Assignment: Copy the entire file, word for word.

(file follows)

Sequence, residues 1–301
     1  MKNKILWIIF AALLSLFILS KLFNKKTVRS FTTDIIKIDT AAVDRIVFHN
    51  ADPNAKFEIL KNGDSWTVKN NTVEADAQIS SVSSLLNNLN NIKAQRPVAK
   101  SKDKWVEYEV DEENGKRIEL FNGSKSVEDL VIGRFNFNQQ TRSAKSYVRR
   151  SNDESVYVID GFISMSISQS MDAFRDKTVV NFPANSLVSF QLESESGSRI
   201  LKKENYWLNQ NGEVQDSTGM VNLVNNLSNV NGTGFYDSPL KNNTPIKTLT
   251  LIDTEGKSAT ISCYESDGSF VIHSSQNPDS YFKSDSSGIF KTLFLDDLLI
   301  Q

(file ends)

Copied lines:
Sequence, residues 1–301
     1  MKNKILWIIF AALLSLFILS KLFNKKTVRS FTTDIIKIDT AAVDRIVFHN
    51  ADPNAKFEIL KNGDSWTVKN NTVEADAQIS SVSSLLNNLN NIKAQRPVAK
   101  SKDKWVEYEV DEENGKRIEL FNGSKSVEDL VIGRFNFNQQ TRSAKSYVRR
   151  SNDESVYVID GFISMSISQS MDAFRDKTVV NFPANSLVSF QLESESGSRI
   201  LKKENYWLNQ NGEVQDSTGM VNLVNNLSNV NGTGFYDSPL KNNTPIKTLT
   251  LIDTEGKSAT ISCYESDGSF VIHSSQNPDS YFKSDSSGIF KTLFLDDLLI
   301  Q